Close

Not a member yet? Register now and get started.

lock and key

Sign in to your account.

Account Login

Forgot your password?

My name is Steve Young and I am a retired California Highway Patrol Officer. I will also be your instructor in one of the online traffic courses with B Line Traffic Schools. No matter what course you sign up for, my goals are the same: Present you with the information that you need in a way that will not put you to sleep and then get you back to your life.  Throughout some of the courses I have included interesting situations, people and other random things I have come across in my 25+ years with the CHP to break things up a bit. Ok ok, enough about me. Close this window and start your course with B Line Traffic Schools today.

Mature Drivers and Medication

05 Feb Blog | Comments

As drivers, we go through different cycles. The first cycle is the learning one. As teenagers we learn how to drive, how to be responsible when we drive and how to watch out for drivers that are not so responsible.

The second cycle is the experienced one. As middle-agers, we hopefully have a good foundation of driving skills and are experienced at driving. We should be getting into fewer accidents, getting less speeding tickets and in general are good drivers.

The third cycle is the adjustment one. As mature drivers we have to be aware of how are reflexes could be slowing down, how to compensate for things like hearing loss, and how to be aware of medications that may affect our driving.

Mature Drivers and Medication

Mature drivers who take medication need to be aware that there could be side effects that could impair their ability to drive. They need to especially watch when introducing a new medication to what they are already taking. Sometimes a medication that did not have a side effect suddenly does with a new medication added to the mix.

Side Effects to Watch Out For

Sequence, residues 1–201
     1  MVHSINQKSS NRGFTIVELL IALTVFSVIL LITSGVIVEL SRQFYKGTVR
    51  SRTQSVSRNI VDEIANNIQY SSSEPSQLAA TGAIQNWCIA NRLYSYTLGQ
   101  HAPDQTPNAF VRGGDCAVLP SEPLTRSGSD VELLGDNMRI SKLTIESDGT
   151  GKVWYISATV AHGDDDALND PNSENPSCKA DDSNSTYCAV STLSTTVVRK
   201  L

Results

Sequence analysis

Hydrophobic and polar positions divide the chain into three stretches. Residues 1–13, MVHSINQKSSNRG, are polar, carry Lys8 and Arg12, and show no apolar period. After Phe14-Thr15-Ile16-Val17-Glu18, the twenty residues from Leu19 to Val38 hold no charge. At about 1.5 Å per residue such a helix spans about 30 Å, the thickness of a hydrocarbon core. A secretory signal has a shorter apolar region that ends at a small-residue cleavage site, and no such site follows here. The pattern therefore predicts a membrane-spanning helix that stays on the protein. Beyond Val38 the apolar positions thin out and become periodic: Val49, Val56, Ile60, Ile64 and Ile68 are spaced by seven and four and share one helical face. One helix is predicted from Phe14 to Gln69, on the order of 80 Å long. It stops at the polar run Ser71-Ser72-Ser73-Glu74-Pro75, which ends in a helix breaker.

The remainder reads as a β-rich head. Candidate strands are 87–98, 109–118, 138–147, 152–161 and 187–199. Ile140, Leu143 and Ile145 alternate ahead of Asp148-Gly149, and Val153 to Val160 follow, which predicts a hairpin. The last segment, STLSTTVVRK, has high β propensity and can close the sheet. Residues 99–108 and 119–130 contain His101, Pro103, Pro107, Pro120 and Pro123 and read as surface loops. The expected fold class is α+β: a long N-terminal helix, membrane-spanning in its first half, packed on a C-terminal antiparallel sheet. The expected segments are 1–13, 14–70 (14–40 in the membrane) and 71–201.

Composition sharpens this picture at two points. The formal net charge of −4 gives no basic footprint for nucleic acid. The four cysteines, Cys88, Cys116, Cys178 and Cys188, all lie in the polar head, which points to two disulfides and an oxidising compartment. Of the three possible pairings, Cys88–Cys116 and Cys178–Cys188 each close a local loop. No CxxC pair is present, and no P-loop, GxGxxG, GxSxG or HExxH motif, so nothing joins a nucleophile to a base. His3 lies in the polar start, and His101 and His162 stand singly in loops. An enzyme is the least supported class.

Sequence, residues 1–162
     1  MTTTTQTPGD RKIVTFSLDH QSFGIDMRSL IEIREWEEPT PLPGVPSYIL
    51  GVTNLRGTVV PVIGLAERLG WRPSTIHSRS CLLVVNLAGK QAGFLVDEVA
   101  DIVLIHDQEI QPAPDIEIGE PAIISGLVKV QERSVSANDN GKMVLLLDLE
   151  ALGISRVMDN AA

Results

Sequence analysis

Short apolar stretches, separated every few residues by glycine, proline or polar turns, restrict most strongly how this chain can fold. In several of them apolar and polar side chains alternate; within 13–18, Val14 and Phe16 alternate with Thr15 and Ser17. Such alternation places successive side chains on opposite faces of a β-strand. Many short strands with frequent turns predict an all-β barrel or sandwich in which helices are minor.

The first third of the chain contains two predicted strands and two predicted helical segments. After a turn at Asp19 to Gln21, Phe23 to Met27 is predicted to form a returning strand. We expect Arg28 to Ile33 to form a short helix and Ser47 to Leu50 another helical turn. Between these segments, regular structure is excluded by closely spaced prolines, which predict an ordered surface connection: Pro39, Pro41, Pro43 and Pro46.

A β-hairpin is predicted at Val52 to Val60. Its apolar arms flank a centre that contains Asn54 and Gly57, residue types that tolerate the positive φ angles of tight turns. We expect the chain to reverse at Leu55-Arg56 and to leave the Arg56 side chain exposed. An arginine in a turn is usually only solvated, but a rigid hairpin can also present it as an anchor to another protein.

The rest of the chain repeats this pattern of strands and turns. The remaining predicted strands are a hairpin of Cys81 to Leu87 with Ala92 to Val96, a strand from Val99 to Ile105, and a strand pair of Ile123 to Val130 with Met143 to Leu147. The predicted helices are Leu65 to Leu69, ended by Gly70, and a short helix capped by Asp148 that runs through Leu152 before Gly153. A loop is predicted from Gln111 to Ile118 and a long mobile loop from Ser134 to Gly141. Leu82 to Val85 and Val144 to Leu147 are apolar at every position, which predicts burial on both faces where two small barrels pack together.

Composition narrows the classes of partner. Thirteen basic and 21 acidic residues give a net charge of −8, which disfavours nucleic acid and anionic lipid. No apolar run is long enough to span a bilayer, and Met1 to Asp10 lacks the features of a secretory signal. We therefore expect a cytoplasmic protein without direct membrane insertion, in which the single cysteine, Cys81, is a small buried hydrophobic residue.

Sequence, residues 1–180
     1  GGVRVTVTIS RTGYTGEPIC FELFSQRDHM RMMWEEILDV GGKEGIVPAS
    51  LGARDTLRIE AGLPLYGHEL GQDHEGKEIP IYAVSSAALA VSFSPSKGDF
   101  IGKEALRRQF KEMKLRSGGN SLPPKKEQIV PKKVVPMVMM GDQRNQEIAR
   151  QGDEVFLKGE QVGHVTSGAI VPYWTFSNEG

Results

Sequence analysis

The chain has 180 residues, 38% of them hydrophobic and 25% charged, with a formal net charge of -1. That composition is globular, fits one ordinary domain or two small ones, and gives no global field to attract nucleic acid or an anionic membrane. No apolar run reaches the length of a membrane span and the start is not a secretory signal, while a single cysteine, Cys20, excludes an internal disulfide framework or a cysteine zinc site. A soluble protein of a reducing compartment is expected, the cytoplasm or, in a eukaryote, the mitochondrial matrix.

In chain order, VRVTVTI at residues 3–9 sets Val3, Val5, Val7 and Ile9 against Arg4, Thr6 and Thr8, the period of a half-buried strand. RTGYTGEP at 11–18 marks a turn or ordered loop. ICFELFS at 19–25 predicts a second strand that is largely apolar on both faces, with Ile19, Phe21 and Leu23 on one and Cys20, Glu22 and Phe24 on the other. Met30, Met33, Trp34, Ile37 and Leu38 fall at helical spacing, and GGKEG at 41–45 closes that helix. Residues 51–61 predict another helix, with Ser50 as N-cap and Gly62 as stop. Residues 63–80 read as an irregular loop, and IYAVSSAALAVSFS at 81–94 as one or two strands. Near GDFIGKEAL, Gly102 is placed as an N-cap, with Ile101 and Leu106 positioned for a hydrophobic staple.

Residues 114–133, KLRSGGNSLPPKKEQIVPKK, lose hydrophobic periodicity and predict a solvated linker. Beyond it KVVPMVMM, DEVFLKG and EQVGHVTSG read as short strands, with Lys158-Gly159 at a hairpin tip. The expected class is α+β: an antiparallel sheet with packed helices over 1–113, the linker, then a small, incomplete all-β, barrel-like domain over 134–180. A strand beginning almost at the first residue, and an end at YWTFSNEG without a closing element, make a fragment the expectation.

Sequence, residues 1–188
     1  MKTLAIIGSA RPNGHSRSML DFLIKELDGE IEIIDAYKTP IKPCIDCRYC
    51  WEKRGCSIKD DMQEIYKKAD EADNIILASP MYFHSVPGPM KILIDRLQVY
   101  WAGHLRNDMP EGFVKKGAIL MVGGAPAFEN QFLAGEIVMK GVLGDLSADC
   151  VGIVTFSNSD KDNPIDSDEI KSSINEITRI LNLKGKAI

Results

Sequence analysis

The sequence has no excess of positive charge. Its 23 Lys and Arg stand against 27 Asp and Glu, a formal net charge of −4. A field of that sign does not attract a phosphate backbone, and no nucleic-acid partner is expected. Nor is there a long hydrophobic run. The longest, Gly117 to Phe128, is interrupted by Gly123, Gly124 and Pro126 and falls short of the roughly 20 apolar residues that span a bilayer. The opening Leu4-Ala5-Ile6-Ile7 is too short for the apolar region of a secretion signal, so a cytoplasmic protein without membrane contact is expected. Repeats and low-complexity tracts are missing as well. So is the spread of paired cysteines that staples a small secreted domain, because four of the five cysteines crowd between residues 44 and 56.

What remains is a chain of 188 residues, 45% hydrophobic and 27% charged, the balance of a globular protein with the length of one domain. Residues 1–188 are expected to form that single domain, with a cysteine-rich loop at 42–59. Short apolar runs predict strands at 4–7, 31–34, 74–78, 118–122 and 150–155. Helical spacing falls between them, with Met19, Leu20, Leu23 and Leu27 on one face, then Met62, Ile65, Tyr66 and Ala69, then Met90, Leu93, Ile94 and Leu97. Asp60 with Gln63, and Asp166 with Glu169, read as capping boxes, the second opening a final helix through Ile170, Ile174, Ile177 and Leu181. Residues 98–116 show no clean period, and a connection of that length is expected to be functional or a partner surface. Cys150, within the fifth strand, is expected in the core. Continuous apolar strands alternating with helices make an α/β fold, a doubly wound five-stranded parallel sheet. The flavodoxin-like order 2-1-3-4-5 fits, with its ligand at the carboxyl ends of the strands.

• Sleepiness – Many medications can make a person drowsy. The only way to find out is to test the effects by taking one. The best way to do that is by taking one on a day that you do not need to drive anywhere. Or the other option is to take the medication at night.
  • Dizziness – Certain medications could make a person dizzy or feel a bit unbalanced. It is important to take the medication and give your body plenty of time to adjust. If when you stand up you feel unbalanced or dizzy, do not get behind the wheel and call your doctor.
  • Vision – Some medications can alter a person’s vision. Be certain you take any new medications before getting behind the wheel so you can see how you react.
  • Reflexes – Depending on the medication it could slow a person’s reflexes. As a mature driver, a person’s reflexes may already be an issue. So, be sure you pay attention to how you feel compared to how your body normally feels.

No one really knows exactly how a medication will affect them until they take it. The other issue is how the new medication may react with the ones you are already taking. The best course of action is always going to be to take the medication long before you need to drive. By giving your body time to react you could be saving yourself from causing an accident.

Also, be aware that some medication side effects can take a few days to show themselves. So, just be conscious of the fact that you are taking a new medication and be aware of how your body feels.  If you feel any changes either don’t drive, stop taking the medication or contact your doctor and ask him/her for a different type of medication.

 

Comments are closed.

AS SEEN ON